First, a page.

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Historical Writings

Today in Christian History

Thursday, November 3

753
Death of Pirminius, the first Abbot of Reichenau, Germany. He left some of the earliest evidence for the present form of the Apostles' Creed.
1523
Simeon Stumpf is deprived of his parish in Zurich and will be exiled the following month. With Conrad Grebel he had called for complete abolition of the mass. The Zurich town council had said it should be left up to each priest.
1631
John Eliot arrives in Boston, Massachussets. He was the first Protestant minister to dedicate himself to the conversion of native Americans to Christianity.
1783
Robert Raikes publishes a letter on the success of his Sunday schools in the Gloucester Journal which is seen by William Fox, who promotes a national Sunday school movement.
1784
English clergyman Thomas Coke, 37, first arrived in America, at New York City. He was the first Methodist bishop to come to the New World.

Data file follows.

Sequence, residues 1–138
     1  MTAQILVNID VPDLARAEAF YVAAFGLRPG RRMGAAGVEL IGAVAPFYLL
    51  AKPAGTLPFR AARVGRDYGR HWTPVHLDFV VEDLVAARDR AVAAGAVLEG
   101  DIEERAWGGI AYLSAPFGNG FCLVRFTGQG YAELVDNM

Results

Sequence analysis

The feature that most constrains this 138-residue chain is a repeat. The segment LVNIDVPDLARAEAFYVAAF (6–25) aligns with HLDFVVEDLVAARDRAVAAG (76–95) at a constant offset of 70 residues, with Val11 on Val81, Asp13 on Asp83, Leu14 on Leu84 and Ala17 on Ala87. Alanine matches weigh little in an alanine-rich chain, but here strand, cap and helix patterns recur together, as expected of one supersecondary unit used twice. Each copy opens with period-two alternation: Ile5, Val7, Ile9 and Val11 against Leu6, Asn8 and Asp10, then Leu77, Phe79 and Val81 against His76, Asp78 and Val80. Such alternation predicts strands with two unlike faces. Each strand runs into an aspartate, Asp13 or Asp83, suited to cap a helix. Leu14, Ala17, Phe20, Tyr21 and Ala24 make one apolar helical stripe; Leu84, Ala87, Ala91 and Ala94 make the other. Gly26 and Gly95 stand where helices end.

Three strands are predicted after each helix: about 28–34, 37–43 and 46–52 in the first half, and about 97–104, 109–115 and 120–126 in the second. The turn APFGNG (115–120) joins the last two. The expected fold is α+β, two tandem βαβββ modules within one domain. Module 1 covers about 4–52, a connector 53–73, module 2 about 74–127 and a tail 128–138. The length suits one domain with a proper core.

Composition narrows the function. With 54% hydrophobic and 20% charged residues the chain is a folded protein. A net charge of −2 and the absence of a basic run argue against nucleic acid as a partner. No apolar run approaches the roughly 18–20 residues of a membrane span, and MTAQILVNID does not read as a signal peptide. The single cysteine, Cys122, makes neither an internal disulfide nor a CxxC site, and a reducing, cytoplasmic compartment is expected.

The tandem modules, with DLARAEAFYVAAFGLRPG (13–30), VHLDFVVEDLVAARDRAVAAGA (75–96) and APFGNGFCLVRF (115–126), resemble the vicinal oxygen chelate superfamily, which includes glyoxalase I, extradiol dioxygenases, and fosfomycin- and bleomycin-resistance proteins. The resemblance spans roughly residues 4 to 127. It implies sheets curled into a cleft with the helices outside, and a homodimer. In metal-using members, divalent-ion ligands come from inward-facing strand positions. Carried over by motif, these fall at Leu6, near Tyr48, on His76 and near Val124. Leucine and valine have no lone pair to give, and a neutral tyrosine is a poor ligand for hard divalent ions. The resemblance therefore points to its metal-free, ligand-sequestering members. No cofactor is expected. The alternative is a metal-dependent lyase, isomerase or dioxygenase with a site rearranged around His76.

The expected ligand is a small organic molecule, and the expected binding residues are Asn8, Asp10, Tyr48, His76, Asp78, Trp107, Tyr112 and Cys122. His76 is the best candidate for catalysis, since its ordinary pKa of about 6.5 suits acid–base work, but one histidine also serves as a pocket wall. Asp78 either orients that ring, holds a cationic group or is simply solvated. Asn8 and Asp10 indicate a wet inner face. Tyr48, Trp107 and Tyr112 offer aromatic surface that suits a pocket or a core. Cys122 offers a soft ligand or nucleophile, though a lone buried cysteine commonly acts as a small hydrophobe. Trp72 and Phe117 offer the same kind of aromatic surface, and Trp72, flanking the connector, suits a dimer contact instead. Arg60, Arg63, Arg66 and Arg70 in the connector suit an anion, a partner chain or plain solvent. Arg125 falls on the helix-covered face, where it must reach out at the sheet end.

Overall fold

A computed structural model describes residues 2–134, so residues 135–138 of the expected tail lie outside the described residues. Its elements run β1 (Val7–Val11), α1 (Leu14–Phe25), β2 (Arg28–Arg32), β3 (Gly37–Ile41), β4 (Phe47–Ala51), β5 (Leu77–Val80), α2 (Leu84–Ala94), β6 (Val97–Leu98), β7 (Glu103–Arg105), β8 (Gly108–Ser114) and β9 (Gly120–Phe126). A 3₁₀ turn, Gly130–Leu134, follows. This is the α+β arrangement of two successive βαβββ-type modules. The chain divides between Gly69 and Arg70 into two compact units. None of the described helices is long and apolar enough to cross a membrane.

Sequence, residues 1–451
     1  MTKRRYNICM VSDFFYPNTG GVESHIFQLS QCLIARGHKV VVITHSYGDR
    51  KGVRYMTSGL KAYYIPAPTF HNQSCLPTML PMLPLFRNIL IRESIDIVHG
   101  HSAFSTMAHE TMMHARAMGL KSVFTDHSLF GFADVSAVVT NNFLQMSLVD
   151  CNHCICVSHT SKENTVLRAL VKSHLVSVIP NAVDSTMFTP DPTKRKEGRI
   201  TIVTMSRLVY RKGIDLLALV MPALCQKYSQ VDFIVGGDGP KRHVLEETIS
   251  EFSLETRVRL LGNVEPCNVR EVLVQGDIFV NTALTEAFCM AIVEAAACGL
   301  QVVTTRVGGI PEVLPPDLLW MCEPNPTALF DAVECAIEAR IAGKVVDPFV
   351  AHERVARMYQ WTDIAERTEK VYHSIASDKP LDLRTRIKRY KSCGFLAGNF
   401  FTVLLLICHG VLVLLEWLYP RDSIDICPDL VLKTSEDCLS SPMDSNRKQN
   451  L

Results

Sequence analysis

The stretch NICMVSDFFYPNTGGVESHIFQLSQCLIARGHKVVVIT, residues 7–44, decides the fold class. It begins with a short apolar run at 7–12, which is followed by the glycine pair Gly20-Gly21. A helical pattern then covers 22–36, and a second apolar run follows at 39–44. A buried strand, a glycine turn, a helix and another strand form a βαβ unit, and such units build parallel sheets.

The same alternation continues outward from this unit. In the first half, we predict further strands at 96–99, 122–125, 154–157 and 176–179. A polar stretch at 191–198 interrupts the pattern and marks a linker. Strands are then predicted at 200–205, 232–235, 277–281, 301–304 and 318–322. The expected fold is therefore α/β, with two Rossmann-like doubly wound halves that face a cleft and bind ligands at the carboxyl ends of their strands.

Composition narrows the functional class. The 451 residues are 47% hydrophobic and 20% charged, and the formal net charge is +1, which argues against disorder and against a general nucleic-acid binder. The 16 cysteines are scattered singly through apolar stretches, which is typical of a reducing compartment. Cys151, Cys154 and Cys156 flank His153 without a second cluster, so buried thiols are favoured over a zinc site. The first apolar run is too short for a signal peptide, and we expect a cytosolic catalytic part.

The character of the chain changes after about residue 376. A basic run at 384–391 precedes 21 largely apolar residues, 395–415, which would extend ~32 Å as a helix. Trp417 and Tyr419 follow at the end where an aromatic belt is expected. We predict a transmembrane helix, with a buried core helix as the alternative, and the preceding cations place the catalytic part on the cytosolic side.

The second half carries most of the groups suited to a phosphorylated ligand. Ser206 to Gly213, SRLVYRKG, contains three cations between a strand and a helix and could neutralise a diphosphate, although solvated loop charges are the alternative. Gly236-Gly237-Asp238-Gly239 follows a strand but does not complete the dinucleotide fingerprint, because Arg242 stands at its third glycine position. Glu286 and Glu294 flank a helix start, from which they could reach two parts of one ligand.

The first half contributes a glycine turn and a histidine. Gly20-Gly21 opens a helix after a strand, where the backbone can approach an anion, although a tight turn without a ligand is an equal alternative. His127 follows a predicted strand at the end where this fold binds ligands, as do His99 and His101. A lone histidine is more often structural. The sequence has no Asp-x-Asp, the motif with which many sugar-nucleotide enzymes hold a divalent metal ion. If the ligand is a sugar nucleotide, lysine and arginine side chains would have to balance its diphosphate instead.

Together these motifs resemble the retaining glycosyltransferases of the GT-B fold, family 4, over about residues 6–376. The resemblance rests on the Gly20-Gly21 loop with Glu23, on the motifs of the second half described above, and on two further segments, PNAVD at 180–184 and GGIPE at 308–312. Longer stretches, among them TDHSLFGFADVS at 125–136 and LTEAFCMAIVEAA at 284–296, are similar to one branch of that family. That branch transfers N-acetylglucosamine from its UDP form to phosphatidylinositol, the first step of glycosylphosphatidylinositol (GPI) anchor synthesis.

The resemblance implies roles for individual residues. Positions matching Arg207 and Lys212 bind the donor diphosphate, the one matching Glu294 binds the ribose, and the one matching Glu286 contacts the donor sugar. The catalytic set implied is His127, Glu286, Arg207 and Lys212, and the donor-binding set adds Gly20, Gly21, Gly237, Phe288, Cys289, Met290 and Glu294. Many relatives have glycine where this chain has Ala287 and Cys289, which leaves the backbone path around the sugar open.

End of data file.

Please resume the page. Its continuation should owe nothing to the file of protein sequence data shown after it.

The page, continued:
1805
A painter defaces the statue of King William III in Dublin. The statue is hated by Catholics because William had secured Ireland for Protestantism, and hated by Protestant students because the rump of its horse faces their university. The culprit will never be apprehended. In 1928 the statue will be blown up.
1818
Pliny Fisk sets sail for Palestine aboard the Sally Ann. Ordained by the American Board of Commissioners for Foreign Missions, Fisk became the first American missionary to journey to the Near East.
1925
The Pentecostal Ministerial Alliance was organized at St. Louis, MO. It became the forerunner of a new denomination, established in 1932 as the Pentecostal Church, Inc.
1929
Orthodox priest Alexander Vasilyevich Nikulin serving in the village of Bolshaya Sosnova is arrested "for anti-Soviet agitation", and will be sentenced to three years in the prison camps. After his released he serves secretly despite a warrant for his arrest.
1970
Death of Charles Chidongo Chinula, a pastor of the Presbyterian Church in Malawi, who had translated Pilgrim's Progress into the Tumbuka language. He had been expelled from the Presbyterian church for his combative spirit and founded a "Free Church," but eventually rejoined the Presbyterians, deploring the schism he had caused.

Copyright Statement
© 1987-2020, William D. Blake. Portions used by permission of the author, from "Almanac of the Christian Church"